The Snowbank and the Cloverleaf

Me at about ten or eleven years old, on the good old Toyota pickup somewhere in the mountains near my home. Clancy is there, too. :)

Me at about ten or eleven years old, on the good old Toyota pickup somewhere in the mountains near my home. Clancy is there, too. πŸ™‚

My dad sat beside me in our Toyota pickup truck and watched the straight country road as I drove, my ten-year-old hands dreamily languishing on the wheel. A turn loomed before us, a sharp one that bent left, and I gazed at it without seeing it. I don’t remember what occupied my mind—maybe I was saving the human race from a horrible natural disaster, or rescuing animals from a gouged and ruined wilderness, or fighting in the American Civil War, my hair shorn like a boy’s and my heart beating to the rhythms of justice and liberty for all.

“TURN!” My dad’s elevated voice popped my heroic daydreams. I stared at the snowbank that fast approached and pressed the clutch with my left foot, preparing to shift to a lower gear so I could turn without crashing. Since I had just learned how to drive a manual transmission, I still had trouble not looking down at the gear stick so I could see the numbers and know which gear I needed to shift to. I tried to stare at the road and sneak a glance at the gear stick at the same time, but my dad, as always, caught me.

“Don’t look down,” he said, his hands hovering over the wheel so that he could grab it in case my ministrations did not succeed. I cringed as I grabbed the knob and shifted down and turned left, barely escaping a collision with the pile of cold smoke. Back then (in the early 2000s–oh so long ago), few people drove on that road, and no cars’ drivers witnessed my feeble driving skills or my young age. My dad always said that as long as we stuck to country roads and I did not break the law while driving, police could not pull me over and discover that I was ten.

We both allowed puffs of relieved breath to spill from our lips as we continued down the road. After my dad lectured me on the importance of paying attention to my surroundings, we both laughed a little. That’s what we do when we’re nervous or sad or relieved.

Five years later, I had taken Driver’s Ed, had a learner’s license tucked in my wallet, and was again driving in the pickup truck with my dad in the passenger seat. This time my sister was also with us, and I had long left the country roads in favor of the I-90 freeway that led from our home to the town of Bozeman.

“Exit here,” my dad said, pointing to an exit that curved into a cloverleaf ramp.

“Got it,” I said, staring at the mountains and missing the yellow sign that advised drivers to slow down to a speed of 25 miles per hour. My odometer read 75 miles per hour, and before my Dad could tell me to shift down, I flew onto that cloverleaf ramp with gusto. The poor pickup danced on its left side of wheels while its right side hung in the air above the road for a split second, and icy fear clutched my bones as the lives of three-fourths of my family dangled in the hushed and taut space between life and death.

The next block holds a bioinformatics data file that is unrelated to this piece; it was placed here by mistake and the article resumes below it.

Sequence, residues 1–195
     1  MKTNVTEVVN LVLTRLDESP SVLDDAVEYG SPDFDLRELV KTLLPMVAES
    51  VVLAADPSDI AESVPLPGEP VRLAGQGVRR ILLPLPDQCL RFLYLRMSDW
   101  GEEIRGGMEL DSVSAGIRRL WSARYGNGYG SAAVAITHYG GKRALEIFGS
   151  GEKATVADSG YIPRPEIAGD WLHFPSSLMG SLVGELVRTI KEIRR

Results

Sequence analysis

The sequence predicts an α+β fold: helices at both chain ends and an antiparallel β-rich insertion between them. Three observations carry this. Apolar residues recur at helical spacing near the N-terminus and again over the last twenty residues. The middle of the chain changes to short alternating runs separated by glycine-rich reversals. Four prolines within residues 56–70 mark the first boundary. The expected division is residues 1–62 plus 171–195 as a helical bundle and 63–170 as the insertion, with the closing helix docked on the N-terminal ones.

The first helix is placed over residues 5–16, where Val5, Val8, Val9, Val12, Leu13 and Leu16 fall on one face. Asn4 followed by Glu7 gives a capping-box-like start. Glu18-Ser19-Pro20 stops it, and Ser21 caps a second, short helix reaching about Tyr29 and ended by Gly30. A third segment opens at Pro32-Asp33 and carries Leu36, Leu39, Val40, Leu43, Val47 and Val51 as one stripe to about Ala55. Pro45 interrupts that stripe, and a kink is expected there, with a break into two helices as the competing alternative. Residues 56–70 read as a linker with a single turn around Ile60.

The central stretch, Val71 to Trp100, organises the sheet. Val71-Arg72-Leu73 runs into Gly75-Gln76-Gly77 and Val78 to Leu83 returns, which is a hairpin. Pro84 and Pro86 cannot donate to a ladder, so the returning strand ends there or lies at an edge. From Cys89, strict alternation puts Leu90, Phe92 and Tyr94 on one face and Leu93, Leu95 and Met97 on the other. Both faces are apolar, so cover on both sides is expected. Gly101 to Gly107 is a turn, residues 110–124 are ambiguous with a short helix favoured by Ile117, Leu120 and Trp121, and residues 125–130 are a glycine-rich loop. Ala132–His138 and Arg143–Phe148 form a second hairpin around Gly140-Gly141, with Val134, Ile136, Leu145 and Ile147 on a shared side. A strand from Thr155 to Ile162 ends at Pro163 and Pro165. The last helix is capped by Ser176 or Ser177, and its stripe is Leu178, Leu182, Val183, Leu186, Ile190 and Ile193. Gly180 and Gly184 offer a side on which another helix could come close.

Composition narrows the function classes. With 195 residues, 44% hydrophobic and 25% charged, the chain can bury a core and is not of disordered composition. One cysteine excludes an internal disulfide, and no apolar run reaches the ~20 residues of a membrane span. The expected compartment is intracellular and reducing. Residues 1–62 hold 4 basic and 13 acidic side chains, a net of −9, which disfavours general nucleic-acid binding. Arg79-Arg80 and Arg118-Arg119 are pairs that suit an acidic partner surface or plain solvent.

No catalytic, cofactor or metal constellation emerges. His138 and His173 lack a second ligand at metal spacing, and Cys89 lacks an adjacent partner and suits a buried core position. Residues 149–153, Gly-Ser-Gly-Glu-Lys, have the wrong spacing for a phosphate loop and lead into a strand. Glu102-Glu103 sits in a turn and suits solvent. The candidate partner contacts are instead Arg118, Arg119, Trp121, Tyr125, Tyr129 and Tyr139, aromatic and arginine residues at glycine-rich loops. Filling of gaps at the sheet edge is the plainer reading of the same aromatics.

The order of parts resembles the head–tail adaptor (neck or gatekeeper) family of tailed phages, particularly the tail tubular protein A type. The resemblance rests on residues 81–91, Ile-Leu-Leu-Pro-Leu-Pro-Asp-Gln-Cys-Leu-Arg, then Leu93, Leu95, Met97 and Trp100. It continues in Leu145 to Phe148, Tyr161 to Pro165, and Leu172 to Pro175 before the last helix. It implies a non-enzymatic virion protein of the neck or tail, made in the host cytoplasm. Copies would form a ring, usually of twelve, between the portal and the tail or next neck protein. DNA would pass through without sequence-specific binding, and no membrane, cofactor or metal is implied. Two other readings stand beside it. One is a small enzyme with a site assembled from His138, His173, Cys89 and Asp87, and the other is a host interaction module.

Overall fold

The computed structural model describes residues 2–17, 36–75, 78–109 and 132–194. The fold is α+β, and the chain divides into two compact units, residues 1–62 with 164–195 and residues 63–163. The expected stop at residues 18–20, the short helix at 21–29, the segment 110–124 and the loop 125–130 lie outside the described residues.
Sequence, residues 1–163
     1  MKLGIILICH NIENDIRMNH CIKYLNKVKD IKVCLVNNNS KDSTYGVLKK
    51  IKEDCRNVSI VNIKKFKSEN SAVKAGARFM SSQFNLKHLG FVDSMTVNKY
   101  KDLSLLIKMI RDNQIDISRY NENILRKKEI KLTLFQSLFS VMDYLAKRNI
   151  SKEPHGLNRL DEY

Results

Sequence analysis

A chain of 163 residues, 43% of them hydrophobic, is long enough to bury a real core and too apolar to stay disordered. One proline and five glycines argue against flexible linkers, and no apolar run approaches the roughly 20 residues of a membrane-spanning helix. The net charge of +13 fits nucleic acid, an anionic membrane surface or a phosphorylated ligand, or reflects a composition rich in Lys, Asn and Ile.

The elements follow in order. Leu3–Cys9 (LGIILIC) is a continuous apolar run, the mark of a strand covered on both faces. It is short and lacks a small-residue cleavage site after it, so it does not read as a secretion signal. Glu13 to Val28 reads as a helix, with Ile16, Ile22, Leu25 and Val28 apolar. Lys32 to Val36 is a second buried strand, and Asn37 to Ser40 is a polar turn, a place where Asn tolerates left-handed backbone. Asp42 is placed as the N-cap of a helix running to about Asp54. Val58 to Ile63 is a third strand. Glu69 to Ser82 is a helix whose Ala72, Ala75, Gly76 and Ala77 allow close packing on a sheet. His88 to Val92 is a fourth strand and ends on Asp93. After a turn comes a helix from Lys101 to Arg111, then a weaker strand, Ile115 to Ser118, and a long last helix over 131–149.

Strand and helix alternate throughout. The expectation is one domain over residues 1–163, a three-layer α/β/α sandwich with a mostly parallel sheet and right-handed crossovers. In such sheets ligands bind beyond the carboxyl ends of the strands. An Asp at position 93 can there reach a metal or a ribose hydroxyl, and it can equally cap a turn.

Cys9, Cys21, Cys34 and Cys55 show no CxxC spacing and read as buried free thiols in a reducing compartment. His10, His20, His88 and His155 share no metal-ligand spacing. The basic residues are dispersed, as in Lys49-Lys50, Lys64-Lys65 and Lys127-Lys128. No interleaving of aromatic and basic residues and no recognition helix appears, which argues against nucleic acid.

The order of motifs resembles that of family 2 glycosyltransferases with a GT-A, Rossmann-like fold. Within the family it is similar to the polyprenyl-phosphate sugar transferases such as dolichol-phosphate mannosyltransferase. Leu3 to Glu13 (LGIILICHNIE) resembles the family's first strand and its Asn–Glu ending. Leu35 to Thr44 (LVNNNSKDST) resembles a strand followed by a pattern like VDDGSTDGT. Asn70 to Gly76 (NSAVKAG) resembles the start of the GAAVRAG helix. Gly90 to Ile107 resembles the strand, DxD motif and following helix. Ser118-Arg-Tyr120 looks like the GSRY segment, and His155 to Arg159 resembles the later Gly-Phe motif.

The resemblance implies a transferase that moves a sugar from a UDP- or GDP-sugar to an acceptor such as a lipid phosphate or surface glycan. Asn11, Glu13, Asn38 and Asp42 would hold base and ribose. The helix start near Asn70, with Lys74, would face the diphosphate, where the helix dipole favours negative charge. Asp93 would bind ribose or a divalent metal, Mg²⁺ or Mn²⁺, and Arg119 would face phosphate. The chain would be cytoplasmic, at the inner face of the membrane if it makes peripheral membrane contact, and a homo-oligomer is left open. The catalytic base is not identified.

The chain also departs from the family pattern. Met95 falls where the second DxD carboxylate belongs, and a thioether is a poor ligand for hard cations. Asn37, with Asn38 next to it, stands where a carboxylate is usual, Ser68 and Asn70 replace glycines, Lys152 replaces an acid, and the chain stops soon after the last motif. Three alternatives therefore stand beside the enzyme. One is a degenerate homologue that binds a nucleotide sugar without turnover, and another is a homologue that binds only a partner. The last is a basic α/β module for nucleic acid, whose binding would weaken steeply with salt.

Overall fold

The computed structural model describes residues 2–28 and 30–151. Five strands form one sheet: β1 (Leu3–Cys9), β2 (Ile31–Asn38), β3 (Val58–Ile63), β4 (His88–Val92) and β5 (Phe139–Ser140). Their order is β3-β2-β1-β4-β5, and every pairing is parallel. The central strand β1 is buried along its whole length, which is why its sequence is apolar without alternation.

When the pickup came down again, my Dad’s mouth gaped and his eyes bulged. “There was a sign,” he whispered. “25 miles per hour.”

“I didn’t see it,” I said.

“You have to pay attention,” my Dad said, laughter bubbling from his throat. “Or else we could all die.”

My sister and I joined his nervous laughter, and I swore to myself that I would always pay attention, for bringing tragedy to my family was the last thing I wanted to have happen as the result of my daydreams and imagination.

The snowbank and the cloverleaf incidents have lodged themselves in my mind, and I have recently begun to apply them to a situation besides driving: writing. I keep a notebook in my purse for the whispers of inspiration that sneak through my day, and that makes me pay more attention to my surroundings—to the people and nature and words I see and hear and feel. But I also learn to see the moments in my writing where I have nearly crashed. Those moments come when I do not invest a proper amount of time and thought into a piece of work, or when I have written something I know is not wholly honest, or when I have failed to allow a story or anecdote lead me in the direction it needs to go.

Because of the cloverleaf and the snowbank, I know that when I make the mistake of not paying attention to what I write, I can recognize it, laugh, and move forward.

Laura

I’m linking up with Kirsten Oliphant for more Not So (Small) Stories atΒ http://kirstenoliphant.com/2014/03/11/small-stories-sixth-edition/Β . This week we’re working on the hook and our writing prompt is β€˜drive.’ Join us!

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8 thoughts on “The Snowbank and the Cloverleaf

  1. Oh this was so great! Your description put me in that truck with you and I can just SEE your dad’s face! I’m so glad you made it through the snowbank and the cloverleaf and that you’re now managing the highway of writing!

  2. Loved you descriptions of early driving, but still puzzling over this one, ” and no cars witnessed my feeble driving skills or my young age.” How can a ‘car’ recognize anything you are doing, let alone your age. BTW I started driving about 10 yrs old, also, and drove from Boisie, ID to Vancouver, WA when I was 15. My only companion was another 15 yr old.
    Keep up the good writing!

  3. I suppose I should have said and no ‘cars’ drivers’ or something like that! Good thing I can edit! πŸ˜‰ You drove a long way EARLY! Who was that other 15-year-old and what where you doing? πŸ™‚

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